The National Music Centre is pleased to announce Geddy Lee’s Big Beautiful Bass Exhibit at Studio Bell, highlighting a selection of rare and iconic bass guitars from one of rock’s most revered players.
Best known as the formidable frontman of Canadian rock band Rush, Lee has spent years collecting hundreds of vintage bass guitars—a passion which became the inspiration for Geddy Lee’s Big Beautiful Book of Bass. To celebrate the release of his new book, NMC is launching a feature exhibition at Studio Bell that will coincide with Lee’s cross-Canada book tour. For a full list of book tour dates, go here. NMC will host an exclusive event with Geddy Lee that includes a special Q&A followed by a book signing on May 25 with exhibit opening to the public on May 26. Stay tuned for details on how to purchase May 25 event tickets.
Following the Geddy Lee Bass Exhibit at the Rock & Roll Hall of Fame in Cleveland, Studio Bell is hosting the first Canadian exhibit of the artist’s bass guitars, with 26 instruments curated by Lee himself.
“The instruments featured at Studio Bell are a combination of rare vintage basses from the Golden Age of guitar production, as well as significant ones that I’ve used throughout my career. Basses that I’ve scoured the world to get my hands on,” said Geddy Lee. “This exhibition gives people a look into the origins and the earliest years of the instrument that helped shape popular music, and the ones that I’ve lovingly held in my hands for over 40 years as I developed a sound that I could call my own. It’s the largest display of basses from my personal collection ever and I’m excited to share this with my fans in Canada.”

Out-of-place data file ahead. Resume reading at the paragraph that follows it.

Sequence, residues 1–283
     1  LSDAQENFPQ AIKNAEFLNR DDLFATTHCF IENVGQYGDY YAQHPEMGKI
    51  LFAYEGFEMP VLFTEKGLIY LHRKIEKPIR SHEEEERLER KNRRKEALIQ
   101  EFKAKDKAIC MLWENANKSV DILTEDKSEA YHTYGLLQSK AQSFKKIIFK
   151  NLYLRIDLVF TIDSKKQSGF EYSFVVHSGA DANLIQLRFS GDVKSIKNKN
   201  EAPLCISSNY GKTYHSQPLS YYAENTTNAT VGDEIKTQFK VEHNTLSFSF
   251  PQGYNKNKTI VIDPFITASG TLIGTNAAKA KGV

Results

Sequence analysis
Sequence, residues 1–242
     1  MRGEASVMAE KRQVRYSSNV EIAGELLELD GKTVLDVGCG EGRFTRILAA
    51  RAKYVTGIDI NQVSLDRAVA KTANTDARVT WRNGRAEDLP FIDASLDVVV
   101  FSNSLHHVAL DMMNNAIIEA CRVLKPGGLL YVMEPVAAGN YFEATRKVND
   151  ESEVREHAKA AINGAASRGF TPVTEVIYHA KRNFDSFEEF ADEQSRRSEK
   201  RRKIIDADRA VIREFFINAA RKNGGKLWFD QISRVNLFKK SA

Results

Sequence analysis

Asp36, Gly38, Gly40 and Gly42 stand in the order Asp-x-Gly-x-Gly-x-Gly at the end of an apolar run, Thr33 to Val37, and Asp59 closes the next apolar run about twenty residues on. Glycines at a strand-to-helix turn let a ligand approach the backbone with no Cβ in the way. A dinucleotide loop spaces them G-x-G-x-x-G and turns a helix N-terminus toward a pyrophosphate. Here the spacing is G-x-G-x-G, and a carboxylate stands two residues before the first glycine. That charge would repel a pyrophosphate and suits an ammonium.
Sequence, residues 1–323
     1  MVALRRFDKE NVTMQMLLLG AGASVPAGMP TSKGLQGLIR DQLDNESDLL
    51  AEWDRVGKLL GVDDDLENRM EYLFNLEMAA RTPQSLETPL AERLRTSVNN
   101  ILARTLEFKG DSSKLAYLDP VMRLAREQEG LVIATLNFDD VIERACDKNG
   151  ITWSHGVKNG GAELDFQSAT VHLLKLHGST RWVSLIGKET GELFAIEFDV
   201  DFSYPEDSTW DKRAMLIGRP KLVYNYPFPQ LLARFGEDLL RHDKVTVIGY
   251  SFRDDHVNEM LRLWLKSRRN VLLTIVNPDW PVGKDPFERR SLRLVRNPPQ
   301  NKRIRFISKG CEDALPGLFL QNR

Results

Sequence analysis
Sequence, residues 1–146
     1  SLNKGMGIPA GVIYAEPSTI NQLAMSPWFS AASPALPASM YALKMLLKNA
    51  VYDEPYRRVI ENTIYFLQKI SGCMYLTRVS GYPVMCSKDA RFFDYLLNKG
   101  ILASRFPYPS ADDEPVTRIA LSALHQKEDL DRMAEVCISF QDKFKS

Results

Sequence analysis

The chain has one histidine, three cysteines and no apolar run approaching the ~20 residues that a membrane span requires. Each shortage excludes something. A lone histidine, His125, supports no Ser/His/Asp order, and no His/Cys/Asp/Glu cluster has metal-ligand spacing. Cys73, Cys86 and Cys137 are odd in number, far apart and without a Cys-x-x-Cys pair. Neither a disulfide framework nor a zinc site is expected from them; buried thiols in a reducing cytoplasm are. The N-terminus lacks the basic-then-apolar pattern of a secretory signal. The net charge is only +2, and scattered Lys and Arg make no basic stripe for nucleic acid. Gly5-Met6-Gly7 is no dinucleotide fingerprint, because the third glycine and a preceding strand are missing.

Visitors will get an up-close look at some of Lee’s guitars from his four decades with Rush, as well as a selection of his historically significant and beautifully crafted collectors’ items. Exhibition highlights include Lee’s iconic Rickenbacker 4001, which appeared on numerous Rush recordings from the ‘70s and ‘80s; his signature 1972 Fender Jazz bass, heard on “Tom Sawyer” and many of Rush’s more recent recordings; a 1952 Fender Precision bass, an early example of the world’s first mass-produced electric bass; a 1961 Höfner “Cavern” bass, identical to Paul McCartney’s signature instrument used during the Beatles’ early days in Liverpool; and so many more rare and eccentric instruments from around the world.
“The National Music Centre is really excited to host this exclusive exhibition in celebration of Canada’s own bass icon, Geddy Lee,” said Andrew Mosker, NMC’s President and CEO. “This exhibition is a lesson on the beauty of the bass through the eyes of one of its greatest players, and this collaboration reinforces NMC as Canada’s emerging home for music.”
Geddy Lee’s Big Beautiful Bass Exhibit is accessible with paid admission to Studio Bell, and will run from May 26, 2019 to January 2, 2020. Studio Bell will be open seven days a week from May 20 until September 2 and is open from 10:00 am to 5:00 pm.
Regular admission to Studio Bell is $18 for adults, $14 for students/seniors, $11 for children (3-12 years of age), and free for children under 3 years of age.